Election 2011 in the papers: 31 Jan - 7 Feb

The highlight of the first week of election coverage would have to be centred around Enda Kenny, whether your pick is the photograph of him on the front page of the Independent on Friday, or the brouhaha surrounding his refusal to take part in the three-way leaders' debate on TV3, writes Angela Long.

As of Sunday night, Mr Kenny was declining on the grounds that his busy campaigning schedule did not permit time out to attend the commercial broadcaster's studios in Ballymount, Dublin 23.

Earlier in the week he had protested that he would not take part in a debate chaired by Vincent Browne (host of TV3's flagship political programme) because of comments made by Mr Browne last year, which implied that Mr Kenny should consider suicide.

After Mr Browne said he would stand down so the debate could go ahead, Mr Kenny shifted to his 'empty chair' position – that he would not take part, but an empty chair should be placed on the stage. This would symbolise, not victims of suicide, but all those who have already emigrated, and those who might have to, because of the devastation of the Irish economy in the past three years.

As for that photo – the Independent's clever crop showed him shaking hands with a large golden dog (a Golden Retriever-poodle cross breed). The Irish Times, with its different sized page, had a horizontal shot of Mr Kenny hefting a large Labrador puppy in his arms. The BBC was not alone in being unable to resist the observation that Mr Kenny looked perilously close to being sold a pup.

Apart from that, the papers bounded into campaigning with the candidates, but mostly failed to pin down any responses on the hard choices that must be made in the months after the election on 25 February.

The Irish Times had four pages of corralled election coverage in its news section, and the lead feature in the separate Weekend Review section was a tale of life on the canvass, especially for Fianna Fail activists.

Saturday's Independent featured Alison O'Connor tackling the resurgent chestnut of the level of female representation in the Dail. "There are so few female politicians that when one screws up it's all too easy to blame it on them being female."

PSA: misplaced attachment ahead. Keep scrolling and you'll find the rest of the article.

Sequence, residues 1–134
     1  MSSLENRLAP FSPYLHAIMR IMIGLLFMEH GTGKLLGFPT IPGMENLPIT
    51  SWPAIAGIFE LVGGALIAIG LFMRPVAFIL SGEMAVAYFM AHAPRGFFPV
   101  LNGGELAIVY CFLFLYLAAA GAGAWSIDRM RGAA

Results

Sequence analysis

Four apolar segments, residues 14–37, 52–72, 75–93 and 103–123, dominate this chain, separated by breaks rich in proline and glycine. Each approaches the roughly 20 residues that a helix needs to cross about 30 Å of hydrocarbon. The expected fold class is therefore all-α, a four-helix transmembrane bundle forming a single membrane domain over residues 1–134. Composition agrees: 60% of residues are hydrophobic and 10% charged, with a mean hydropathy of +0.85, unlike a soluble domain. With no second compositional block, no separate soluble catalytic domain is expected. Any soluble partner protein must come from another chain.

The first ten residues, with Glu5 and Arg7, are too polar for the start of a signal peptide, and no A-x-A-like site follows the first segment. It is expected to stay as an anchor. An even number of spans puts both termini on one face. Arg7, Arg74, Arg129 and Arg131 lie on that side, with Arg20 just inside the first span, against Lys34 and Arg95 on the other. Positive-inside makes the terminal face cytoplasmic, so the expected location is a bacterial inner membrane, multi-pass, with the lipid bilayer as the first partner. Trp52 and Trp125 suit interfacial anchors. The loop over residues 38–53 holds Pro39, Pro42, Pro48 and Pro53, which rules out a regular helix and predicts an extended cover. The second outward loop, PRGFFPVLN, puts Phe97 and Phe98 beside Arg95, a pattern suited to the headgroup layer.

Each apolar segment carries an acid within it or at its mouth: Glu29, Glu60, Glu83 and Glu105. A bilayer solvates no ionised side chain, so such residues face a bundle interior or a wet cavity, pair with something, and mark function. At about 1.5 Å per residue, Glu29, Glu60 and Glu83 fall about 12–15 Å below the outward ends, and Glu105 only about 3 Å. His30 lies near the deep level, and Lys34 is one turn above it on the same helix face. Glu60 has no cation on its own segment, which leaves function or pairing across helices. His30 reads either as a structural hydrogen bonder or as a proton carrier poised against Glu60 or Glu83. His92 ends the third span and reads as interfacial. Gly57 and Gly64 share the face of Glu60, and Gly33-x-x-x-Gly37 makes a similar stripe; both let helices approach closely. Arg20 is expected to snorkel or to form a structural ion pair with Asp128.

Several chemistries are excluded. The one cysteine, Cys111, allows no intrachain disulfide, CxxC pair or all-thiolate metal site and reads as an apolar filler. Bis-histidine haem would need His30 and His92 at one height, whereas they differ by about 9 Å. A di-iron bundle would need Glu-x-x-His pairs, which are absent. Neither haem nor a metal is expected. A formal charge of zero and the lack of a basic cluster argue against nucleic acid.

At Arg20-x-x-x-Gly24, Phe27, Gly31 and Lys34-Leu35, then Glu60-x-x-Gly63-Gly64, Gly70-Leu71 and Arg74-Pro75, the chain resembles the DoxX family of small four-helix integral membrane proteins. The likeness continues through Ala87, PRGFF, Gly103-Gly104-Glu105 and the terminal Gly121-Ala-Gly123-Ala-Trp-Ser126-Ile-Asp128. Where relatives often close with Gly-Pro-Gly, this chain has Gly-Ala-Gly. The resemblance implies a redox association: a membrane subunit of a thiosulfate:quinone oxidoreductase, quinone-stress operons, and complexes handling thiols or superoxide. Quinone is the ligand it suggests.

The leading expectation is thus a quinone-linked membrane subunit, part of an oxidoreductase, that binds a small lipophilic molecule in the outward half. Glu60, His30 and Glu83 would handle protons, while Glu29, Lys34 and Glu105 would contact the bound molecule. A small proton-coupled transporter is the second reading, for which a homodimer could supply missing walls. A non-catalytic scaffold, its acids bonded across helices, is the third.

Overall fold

On Sunday the Independent's political writer John Drennan noted that "the Irish have secured the reputation of being the most conservative electorate in Europe". The paper's lead said the 'plethora of polls' unleashed in the media in the preceding week indicated that Fine Gael could govern on its own after the election.

The Sunday Tribune did not appear, as it entered its first week in receivership, with staff and readers hoping that a buyer for the ailing quality will be found before the end of the month. However, in a puzzling exercise, the Irish Mail on Sunday published copies with a mock-up masthead that resembled the Tribune, featuring a story on 'Fine Gael's secret donations from developers'. The intention was not clear, but editor of the British newspaper's branch edition, Sebastian Hamilton, described it as a 'marketing exercise' and said that such a manoeuvre was a positive thing if it encouraged more people to buy newspapers.

In the upper end of the spectrum, the Sunday Business Post published the results of a Red-C poll, showing the parties' support thus: Fianna Fail 17%, Fine Gael 35%, Labour 22%, Green Party 2%, Sinn Fein 13%, Others 11% . Cynics could point out that this was good news for the Greens because it reflected a doubling of its support, as opposed to other polls earlier in the week.